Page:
These and other objects of the instant invention are achieved by providing a device for performing a mathematical operation on two signals A and B, each of which being composed of a string of n digits in a number system having a predetermined base, with each digit defining a respective column, and wherein A_{i} represents each digit of the A string, Bi represents each digit of the B string and i represents the specific column number from 0 to n of the string. The device comprises the first means for performing a mathematical operation on the A_{i} and Bi digits in each of the columns without reference to the result of said operation in any other column. The device also includes second means for comparing substrings of the B signal to the corresponding substrings of a C string of n digits. The C string has a predetermined relationship to the A string. Third means are also provided responsive to the first and second means for providing a resulting output signal, R, composed of at least n digits Ri, and representing the results of the mathematic operation.

Other objects and many of the attendant advantages of this invention will be readily appreciated as the same becomes better understood by reference to the following detailed description when considered in connection with the accompanying drawings wherein:

FIG. 1 is a schematic diagram of a circuit for adding two, four bit binary numbers constructed in accordance with the instant invention;

FIG. 2A is a diagram showing the addition of two, four bit binary numbers by a circuit constructed in accordance with the instant invention;

FIG. 2B is a diagram showing the addition of two, four digit decimal numbers by a circuit constructed in accordance with the instant invention;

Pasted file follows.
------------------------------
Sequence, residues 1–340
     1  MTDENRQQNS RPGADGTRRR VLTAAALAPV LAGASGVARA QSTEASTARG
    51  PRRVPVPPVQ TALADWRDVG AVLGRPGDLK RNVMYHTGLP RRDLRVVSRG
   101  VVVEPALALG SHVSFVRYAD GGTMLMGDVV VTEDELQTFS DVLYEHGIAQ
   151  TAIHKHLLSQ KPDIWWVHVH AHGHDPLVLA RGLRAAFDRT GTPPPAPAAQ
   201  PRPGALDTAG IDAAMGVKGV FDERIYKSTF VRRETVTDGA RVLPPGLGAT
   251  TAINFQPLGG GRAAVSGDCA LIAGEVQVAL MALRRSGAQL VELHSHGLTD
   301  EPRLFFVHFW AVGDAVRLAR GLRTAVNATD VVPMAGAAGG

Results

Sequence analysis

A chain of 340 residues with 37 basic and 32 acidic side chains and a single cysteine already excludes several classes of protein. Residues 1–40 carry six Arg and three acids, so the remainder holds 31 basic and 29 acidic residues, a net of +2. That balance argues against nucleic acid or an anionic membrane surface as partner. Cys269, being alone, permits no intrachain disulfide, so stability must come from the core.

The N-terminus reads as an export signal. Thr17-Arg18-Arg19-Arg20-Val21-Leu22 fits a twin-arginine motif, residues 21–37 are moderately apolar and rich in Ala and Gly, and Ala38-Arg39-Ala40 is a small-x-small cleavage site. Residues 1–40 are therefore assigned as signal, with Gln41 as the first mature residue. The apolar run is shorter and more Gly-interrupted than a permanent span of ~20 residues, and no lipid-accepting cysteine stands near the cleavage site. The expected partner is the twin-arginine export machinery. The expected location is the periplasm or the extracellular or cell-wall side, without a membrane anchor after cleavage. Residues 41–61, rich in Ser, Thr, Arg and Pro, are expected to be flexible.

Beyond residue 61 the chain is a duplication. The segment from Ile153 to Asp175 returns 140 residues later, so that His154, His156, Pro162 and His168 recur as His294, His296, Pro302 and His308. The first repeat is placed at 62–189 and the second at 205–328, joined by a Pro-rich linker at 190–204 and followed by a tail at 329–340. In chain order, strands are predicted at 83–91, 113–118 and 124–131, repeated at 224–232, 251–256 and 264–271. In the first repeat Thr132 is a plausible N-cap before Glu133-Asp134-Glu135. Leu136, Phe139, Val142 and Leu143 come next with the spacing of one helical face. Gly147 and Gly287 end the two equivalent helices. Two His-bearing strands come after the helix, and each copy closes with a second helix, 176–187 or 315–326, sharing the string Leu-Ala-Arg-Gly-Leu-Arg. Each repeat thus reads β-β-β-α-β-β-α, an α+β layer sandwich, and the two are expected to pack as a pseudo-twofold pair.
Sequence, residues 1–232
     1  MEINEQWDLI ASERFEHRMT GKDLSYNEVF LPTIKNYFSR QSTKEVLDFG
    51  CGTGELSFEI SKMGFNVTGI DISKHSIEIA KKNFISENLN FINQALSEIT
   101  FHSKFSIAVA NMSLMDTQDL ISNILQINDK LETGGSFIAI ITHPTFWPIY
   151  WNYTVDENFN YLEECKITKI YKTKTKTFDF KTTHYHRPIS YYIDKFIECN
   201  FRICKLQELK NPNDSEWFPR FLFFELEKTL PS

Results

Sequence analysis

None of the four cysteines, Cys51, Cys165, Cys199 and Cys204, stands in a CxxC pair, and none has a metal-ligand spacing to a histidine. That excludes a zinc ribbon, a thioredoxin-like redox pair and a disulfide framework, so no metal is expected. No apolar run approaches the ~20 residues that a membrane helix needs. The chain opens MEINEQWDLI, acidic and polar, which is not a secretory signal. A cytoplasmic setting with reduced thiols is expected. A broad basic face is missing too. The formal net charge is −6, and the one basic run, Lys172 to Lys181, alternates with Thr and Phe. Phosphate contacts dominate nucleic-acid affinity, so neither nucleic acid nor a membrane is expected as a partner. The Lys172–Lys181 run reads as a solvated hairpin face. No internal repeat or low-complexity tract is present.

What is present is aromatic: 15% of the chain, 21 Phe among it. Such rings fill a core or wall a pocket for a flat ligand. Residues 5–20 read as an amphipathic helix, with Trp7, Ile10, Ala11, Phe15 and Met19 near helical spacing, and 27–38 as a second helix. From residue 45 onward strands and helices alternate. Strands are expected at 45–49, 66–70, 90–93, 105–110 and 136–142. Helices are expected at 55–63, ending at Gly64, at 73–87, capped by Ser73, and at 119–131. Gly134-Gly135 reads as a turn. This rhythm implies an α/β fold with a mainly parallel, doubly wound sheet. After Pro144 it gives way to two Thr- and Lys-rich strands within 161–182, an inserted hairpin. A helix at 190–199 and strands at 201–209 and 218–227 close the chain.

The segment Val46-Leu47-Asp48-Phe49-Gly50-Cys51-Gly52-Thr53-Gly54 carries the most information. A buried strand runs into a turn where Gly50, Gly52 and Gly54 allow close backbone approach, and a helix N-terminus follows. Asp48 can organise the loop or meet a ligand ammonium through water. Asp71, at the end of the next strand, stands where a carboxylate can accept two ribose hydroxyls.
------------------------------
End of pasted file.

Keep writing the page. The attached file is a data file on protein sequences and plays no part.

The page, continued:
FIG. 3A is a diagram like that of FIG. 2A showing the addition of two, four bit binary numbers by an alternative embodiment of the subject invention;

FIG. 3B is a diagram like that of FIG. 3A showing the addition of two, four digit decimal numbers by an alternative embodiment of the subject invention;

FIG. 4 is a diagram, like that of FIG. 2A but showing the subtraction of one, four bit binary number from a second, four bit binary number; and

FIG. 5 is a diagram, like that of FIG. 3A but showing the subtraction of one, four bit binary number from a second, four bit binary number.

Referring now to various figures of the drawing wherein like reference characters refer to like parts, there is shown at 20 in FIG. 1 means for performing a mathematical operation on two, four bit binary signals. In accordance with the teachings of this invention a technique is provided for performing any mathematical operation, such as addition, subtraction, on any multi-bit or multi-digit number, irrespective of the number system used. That technique is based on a generalized procedure which effects what can be considered a "look ahead" or predetermination of the carry digits (bits) created during the mathematical operation. Particular devices for carrying out the generalized operation of this invention can take many forms, e.g., digital circuitry, and can be used in any numbering system, e.g., binary, decimal, octal, etc.

The circuitry 20 shown generally in FIG. 1 represents a four bit binary adder and is shown and described herein for exemplary purposes only. Thus, the circuitry 20 basically comprises complementer means 22, comparison means 24, mathematical operation performing means 26 and 28, and selector means 30. The aforementioned means, are connected so as to effect the addition of two n bit binary signals A and B. In the embodiment shown n is equal to 4 and each bit of the A signal is designated by the notation A_{i}, where i represents the bit number. Each bit of the B signal is also designated by the same notation, so that Bi represents the particular bit of the B signal.

The circuitry 20 operates in two steps. One step which is performed by complementer means 22 and comparison means 24 entails the determination of whether or not the B signal and all its components substrings of bits is greater than the A signal and its corresponding substrings of bits. It should be pointed out at this juncture that the term substring as used herein means the string of bits from the ith bit to the lowest order (0) bit. Thus, in the embodiment shown in FIG. 1 each of the A and B signals consists of four substrings, namely the entire string from i=3 to i=0, the substring from i=2 to i=0, the substring from i=1 to i=0 and the substring i=0.